Exeposé Comment: What are your thoughts on the multiple arrests as hundreds of student protesters clash with police in central London?
Niall Walker: We live in a country that claims to be a bastion of civil rights and democracy and have invaded countries around the world like Iraq on this basis. Yet at home we silence dissent even when it is in the form of a peaceful student protest. People should have the right to protest without the fear of an oppressive police force or the threat of arrest. Socialist Students supports the protests and fully condemns this crackdown on peaceful demonstration. There is an event planned for Wednesday evening 7pm in Queens Building with music, performances and short films to show solidarity with arrested student protestors and to lay the foundations for a campaign in defence of the right to protest, which we are hoping to build cross-society support for in the coming months.
EC: Over the last few months the economy has shown small signs of improvement. Are you optimistic for the future?
NW: Not at all. The recovery has been built on a record low Bank of England interest rate and more of the same kind of investment in the housing market that created an artificial bubble and subsequent economic crisis. We can expect a similar crisis to happen again in the not too distant future The same mistakes are being made, and we can expect the same outcome, but the questions remain of when and how severe that crisis will be. Anyone who claims, as Gordon Brown boldly did a few years ago, to have achieved an economy within capitalism that has transcended the boom-bust cycle, is living in a fantasy. Anyone who wants a stable economy free from that cycle will have to look elsewhere than capitalism. It’s a systemic issue.
EC:Russell Brand recently called for a total revolution of consciousness and our entire social, political and economic system. Does he have anything meaningful to say?
NW:Russell Brand’s overall point shouldn’t be disregarded, even if you don’t agree with everything he says: he is articulating the widespread disillusionment the general public have with the financial and political institutions in this country. A YouGov poll taken on 7th November showed that 49% of people say the system as a whole needs major changes (and this doesn’t take in to account those who want minor change), and while no set of policies or ideas has emerged yet which carries that disillusionment forward in a practical way, I think this should be the starting point for a real discussion of what we want society to look like and where it falls short of that now.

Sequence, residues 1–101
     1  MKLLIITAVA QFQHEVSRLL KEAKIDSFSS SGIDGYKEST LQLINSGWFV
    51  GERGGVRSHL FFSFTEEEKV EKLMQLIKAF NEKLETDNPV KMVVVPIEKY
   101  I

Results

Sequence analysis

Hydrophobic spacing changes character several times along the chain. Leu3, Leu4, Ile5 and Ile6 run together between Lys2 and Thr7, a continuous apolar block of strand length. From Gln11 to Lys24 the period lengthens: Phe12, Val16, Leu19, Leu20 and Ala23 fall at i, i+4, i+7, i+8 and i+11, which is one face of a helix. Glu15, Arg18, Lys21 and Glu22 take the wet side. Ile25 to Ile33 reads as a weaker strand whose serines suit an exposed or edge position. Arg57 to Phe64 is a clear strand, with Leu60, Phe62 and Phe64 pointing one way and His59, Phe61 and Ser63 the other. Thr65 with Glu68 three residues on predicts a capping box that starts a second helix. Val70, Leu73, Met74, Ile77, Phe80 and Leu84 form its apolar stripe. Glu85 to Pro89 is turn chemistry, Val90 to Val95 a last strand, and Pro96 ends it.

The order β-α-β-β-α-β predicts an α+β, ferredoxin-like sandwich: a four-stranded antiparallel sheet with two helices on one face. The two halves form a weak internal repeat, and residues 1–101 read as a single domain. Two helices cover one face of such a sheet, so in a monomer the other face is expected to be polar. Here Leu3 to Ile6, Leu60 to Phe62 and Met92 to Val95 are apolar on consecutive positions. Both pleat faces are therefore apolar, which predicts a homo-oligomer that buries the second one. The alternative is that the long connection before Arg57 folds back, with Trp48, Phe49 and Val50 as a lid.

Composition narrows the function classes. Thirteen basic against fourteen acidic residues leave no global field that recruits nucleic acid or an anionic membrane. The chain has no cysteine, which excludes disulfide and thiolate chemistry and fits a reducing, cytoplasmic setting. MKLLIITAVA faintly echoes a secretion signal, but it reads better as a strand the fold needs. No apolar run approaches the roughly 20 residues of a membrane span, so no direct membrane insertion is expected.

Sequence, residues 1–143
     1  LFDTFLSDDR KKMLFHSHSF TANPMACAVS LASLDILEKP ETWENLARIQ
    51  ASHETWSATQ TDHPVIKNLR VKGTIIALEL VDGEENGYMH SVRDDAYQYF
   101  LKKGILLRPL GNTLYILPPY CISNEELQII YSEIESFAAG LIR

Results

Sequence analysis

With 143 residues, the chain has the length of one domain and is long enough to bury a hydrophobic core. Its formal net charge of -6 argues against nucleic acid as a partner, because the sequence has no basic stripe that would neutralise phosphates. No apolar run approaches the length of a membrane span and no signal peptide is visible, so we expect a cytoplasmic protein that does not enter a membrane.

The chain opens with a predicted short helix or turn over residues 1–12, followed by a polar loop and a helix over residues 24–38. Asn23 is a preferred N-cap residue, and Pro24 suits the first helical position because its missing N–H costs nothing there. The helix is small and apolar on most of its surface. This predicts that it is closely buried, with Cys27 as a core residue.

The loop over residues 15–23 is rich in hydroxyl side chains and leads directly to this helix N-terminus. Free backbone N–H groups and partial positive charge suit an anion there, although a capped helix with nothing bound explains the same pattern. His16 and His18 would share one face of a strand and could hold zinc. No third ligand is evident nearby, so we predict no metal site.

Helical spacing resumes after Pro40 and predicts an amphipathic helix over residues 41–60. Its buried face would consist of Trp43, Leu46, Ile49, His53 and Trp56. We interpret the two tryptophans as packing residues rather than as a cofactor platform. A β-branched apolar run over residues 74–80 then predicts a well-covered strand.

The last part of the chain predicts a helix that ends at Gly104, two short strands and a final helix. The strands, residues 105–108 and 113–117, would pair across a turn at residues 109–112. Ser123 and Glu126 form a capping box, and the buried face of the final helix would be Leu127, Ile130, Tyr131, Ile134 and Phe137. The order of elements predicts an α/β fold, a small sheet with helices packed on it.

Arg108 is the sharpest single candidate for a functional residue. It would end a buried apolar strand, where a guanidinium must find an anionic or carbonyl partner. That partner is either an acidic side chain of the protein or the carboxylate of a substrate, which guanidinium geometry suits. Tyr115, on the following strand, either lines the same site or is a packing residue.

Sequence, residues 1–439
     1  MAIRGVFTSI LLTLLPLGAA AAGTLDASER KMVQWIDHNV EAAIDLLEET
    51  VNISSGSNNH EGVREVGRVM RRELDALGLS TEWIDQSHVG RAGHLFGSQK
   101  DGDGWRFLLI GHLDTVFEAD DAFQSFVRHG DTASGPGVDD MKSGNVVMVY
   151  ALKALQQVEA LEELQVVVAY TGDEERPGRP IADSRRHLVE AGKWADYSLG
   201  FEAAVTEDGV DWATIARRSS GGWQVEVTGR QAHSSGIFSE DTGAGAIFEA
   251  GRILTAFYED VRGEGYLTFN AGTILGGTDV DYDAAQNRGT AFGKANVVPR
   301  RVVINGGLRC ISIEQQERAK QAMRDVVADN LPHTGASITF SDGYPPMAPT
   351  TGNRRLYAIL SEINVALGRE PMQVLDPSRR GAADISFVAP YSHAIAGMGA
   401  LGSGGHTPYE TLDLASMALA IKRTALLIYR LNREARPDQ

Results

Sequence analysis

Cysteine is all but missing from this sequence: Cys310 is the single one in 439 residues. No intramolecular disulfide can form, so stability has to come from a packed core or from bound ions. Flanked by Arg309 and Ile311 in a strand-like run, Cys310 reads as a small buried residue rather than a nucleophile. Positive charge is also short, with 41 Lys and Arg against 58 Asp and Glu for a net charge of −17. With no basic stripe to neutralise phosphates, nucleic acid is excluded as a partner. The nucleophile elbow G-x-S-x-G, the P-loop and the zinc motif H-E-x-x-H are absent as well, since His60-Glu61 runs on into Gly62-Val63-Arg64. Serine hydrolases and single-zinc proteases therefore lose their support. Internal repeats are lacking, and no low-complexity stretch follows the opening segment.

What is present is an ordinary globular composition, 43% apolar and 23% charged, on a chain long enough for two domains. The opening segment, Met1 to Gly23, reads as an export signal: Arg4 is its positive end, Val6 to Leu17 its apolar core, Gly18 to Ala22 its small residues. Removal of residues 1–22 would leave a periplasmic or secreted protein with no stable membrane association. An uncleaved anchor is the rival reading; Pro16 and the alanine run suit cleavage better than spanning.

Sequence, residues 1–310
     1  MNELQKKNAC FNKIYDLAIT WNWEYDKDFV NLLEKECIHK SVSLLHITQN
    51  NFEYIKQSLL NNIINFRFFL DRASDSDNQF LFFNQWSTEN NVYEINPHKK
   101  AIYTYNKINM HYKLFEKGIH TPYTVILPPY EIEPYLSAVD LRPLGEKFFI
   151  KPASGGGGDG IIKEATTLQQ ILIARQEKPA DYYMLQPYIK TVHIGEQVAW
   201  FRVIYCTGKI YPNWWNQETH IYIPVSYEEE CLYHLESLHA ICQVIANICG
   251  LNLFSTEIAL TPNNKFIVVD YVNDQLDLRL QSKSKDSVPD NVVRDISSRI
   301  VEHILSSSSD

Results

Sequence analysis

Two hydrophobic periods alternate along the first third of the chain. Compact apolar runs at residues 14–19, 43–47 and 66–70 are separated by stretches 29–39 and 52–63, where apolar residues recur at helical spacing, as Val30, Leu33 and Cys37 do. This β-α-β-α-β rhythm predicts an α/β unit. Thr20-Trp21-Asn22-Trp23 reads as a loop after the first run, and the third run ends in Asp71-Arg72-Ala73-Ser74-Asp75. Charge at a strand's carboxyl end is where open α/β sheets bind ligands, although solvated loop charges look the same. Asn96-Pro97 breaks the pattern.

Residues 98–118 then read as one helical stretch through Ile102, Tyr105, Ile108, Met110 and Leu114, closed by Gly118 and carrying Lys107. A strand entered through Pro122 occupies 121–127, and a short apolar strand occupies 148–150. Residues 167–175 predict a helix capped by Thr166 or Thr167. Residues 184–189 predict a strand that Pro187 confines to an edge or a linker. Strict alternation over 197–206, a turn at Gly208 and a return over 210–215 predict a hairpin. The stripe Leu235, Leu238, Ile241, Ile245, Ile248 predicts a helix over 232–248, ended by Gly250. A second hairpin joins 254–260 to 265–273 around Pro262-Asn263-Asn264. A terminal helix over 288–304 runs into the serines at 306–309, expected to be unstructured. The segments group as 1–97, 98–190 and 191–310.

EC:Some research suggests that almost two thirds of young people don’t trust our politicians. Do you sympathise with these people? What could be done to get their trust back?
NW:I’m just surprised the figure isn’t higher than it is. This government betrayed young people when they broke their promise and raised tuition fees to £9,000. Their privatisation of student debt represents yet another attack on students, with the contractual terms that we signed up to likely to be altered detrimentally. Young people are further disillusioned by the absence of a credible opposition party. Labour have stated their intention to continue austerity and condemn workers’ strike action. The major parties no longer represent even their own voters. A majority of Conservative and UKIP voters for example have been found to support the renationalisation of railways and energy companies, yet such a policy is not being put forward by any major party. There is a conflict between Westminster’s conception of what policies will help get them re-elected, and what the demands of the public are. Regardless of what you think of who should own the railways or energy companies, the fact that no major party proposes public ownership is a powerful indictment of our political system. Trust is beside the point: a political system which continually lies and is misrepresentative of public concerns will never be trusted, only a truly democratic system will gain such faith.
EC:Were the lecturers right to strike last week?
NW:Absolutely. Given the 13% pay cut in real terms to its staff over the past 5 years (lecturers and non-academic staff), the University’s offer of a 1% pay rise (still below inflation) is disgraceful. For the University to not pay all its staff properly while its Vice-Chancellor receives a six-figure salary plus bonuses, pension, expenses, and a company car is completely hypocritical. The student sit-in that coincided with the strike at the University showed the solidarity between Exeter’s students and the staff.
EC:Is socialism a dream or a realistic goal?
NW:The Socialist Students are tackling very realistic issues. We have campaigned against zero hour contracts, the English Defence League and sexism on campus. While these issues alone do not achieve socialism in and of themselves they show that it is only through the political self-organisation of people in groups like Socialist Students that real change can be achieved. Our goals are wider than just socialism. We often co-operate with other societies such as the Autonomous Students Network, the Occupy movement and Unions to bring about change. The process of activism is more important than the desire towards a largely hypothetical goal.
EC:How has this term gone for the society?
NW:We benefited from a large influx of members following fresher’s week. This has allowed us to lead a number of successful campaigns, including participating in the English Defence League counterdemonstration and our occupation in support of staff strikers, which gained national media coverage. We run weekly public meetings on Wednesdays in which we discuss issues surrounding socialism which are free to all students.